With a number of the province's top players formally retired in recent years, the torch now looks like it has passed to the next generation with players like Omid Malek and Ian Zhao leading the charge. Mind you, the list of top players does not end here, with Gary Ng, Rafael Arruebarrena, Ian Findlay, Belsar Valencia, Dale Haessel, Agnieszka Matras Clement and others, plus junior talents Maxim Vasic and Anand Rishi Chandra certain to be in the mix in the coming years...
Calgary Seniors Championship
FM Ian Findlay won the ACA sponsored 2019 Calgary Seniors Championship with 4.5/5 after a crucial win with the White pieces over FM Dale Haessel in the fourth round. Dale, who late last year represented Canada with an impressive result at the World Seniors Championship in Bled, Slovenia, finished in 2nd place ahead of Brad Booker in 3rd. Gordon Campbell, the 1976 Alberta Closed and 1977 Alberta Open champion, ended in 4th followed by Arthur Milne who has shown good form lately.
Nine players showed up in total making this a friendly family affair, aided as always by complimentary refreshments provided by the club for all competitors. Ian received both a $100 winner's cheque and a $300 travel grant towards the Alberta Seniors Championship in Edmonton on May 11-12.
Tournament of Legends Blitz
The South brothers offered a suspicious sibling draw in the last round that is currently being investigated by a hastily established ethics committee.
The Tournament of Legends became a reality tonight when a friendly and jovial atmosphere prevailed over pizza and snacks prior to the tournament. But that all predictably changed once the games started.
Ted won the Best Hair contest hands down, while Rob Hawkes won Best Tie with Steve Sklenka offering the only competition. Probably Steve's decision to purchase this accessory at Woolworths had something to do with the outcome!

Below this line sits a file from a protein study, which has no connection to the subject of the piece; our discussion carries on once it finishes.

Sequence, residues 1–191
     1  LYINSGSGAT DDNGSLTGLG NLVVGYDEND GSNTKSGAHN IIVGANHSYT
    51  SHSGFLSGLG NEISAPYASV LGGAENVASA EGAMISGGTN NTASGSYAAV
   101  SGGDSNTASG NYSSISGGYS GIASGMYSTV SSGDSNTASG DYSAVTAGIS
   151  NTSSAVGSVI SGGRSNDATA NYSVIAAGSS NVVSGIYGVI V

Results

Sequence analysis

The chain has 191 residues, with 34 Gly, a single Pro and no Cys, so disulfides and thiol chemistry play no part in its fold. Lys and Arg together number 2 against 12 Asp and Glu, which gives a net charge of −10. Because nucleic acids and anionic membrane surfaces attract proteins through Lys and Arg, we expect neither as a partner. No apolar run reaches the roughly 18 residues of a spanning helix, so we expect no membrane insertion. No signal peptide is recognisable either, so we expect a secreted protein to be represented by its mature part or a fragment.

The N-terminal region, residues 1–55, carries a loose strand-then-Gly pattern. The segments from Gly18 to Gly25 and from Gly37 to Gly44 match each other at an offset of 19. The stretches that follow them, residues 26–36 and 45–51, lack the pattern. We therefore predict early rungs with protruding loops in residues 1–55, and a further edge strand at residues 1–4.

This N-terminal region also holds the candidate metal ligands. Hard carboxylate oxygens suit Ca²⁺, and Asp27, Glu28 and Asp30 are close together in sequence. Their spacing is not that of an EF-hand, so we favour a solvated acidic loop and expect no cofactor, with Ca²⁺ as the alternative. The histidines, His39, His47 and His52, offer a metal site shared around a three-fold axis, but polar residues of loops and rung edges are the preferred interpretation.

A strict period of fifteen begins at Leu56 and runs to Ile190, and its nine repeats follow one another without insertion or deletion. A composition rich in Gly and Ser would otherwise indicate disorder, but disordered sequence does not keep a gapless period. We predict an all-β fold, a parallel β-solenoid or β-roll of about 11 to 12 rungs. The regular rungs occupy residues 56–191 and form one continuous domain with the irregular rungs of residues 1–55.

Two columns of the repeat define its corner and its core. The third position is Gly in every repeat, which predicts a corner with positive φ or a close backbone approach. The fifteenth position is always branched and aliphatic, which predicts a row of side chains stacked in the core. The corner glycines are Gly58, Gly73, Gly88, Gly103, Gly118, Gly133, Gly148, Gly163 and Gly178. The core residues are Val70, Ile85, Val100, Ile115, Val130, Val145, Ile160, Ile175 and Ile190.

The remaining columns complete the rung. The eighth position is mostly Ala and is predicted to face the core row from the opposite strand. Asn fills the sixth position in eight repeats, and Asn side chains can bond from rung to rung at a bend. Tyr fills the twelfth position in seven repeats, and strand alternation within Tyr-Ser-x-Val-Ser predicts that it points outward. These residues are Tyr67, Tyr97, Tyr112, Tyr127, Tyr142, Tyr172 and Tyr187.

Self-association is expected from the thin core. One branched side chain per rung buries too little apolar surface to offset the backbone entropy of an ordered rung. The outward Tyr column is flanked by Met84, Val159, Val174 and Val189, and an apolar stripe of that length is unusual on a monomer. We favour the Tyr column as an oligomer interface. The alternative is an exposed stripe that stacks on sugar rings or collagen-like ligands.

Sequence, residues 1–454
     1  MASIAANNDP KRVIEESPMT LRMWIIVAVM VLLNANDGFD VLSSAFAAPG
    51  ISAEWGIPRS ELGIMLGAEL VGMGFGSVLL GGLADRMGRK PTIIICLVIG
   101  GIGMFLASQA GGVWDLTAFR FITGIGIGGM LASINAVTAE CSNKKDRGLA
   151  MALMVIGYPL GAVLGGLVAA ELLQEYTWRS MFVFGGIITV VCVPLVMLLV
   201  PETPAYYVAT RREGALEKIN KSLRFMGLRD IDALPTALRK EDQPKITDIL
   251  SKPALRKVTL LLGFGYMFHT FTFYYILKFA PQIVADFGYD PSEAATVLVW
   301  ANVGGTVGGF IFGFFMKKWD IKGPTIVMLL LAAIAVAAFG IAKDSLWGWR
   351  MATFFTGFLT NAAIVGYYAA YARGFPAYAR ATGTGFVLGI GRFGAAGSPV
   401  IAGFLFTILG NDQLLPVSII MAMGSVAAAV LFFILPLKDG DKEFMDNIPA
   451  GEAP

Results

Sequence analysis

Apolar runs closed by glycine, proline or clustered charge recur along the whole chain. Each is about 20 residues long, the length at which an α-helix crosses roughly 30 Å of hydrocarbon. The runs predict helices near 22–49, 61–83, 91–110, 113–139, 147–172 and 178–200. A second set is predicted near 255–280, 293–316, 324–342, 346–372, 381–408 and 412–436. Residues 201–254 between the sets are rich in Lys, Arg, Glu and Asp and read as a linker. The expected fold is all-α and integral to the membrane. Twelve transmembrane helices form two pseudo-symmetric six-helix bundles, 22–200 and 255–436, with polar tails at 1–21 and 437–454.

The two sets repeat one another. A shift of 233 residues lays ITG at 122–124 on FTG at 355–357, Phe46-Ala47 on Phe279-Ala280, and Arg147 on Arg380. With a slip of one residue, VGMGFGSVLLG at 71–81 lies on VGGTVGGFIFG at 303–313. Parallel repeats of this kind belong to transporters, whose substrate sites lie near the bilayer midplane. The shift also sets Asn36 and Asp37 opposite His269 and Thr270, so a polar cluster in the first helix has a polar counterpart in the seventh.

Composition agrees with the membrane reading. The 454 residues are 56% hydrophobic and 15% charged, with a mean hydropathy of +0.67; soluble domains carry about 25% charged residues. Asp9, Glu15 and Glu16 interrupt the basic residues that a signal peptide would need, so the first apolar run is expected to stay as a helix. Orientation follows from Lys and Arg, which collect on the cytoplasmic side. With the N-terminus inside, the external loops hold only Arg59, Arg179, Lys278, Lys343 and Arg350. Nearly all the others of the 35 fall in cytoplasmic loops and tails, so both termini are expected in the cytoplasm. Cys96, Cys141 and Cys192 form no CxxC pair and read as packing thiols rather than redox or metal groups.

The South brothers offered a suspicious sibling draw in the last round that is currently being investigated by a hastily established ethics committee. Meanwhile the Deep Rust Award remains up for grabs, with Gordon Campbell claiming the inside lane after the first of two sessions.
Andrew Lapides scored only 2/6 points early, but decided to take matters into his own hands and went 5/5 in the closing rounds. Greg Huber proved the class of the field with 9/11 and a run of 8 consecutive wins! The Over Achiever Award went to Chris Demers who finished the first session in 3rd place in spite of his 9th place ranking.
GM Eric Hansen kindly stopped by for a look at the grizzled veterans. The average rating, based on the highest rating achieved, was an impressive 2297! Calgary clearly has some very good chess players that many people are simply not aware of. The event continues for one more session on 2019-03-14.
At the end of 22 exciting rounds filled with the inevitable ebb and flow of an event as long as this one, Gregory Huber emerged as the class of the field by posting ahead of Arthur Odachowski and Dale Haessel in shared second place. Robert South, Christopher Demers and Andrew Lapides came next, fractionally ahead of a cluster of players making up the middle of the table.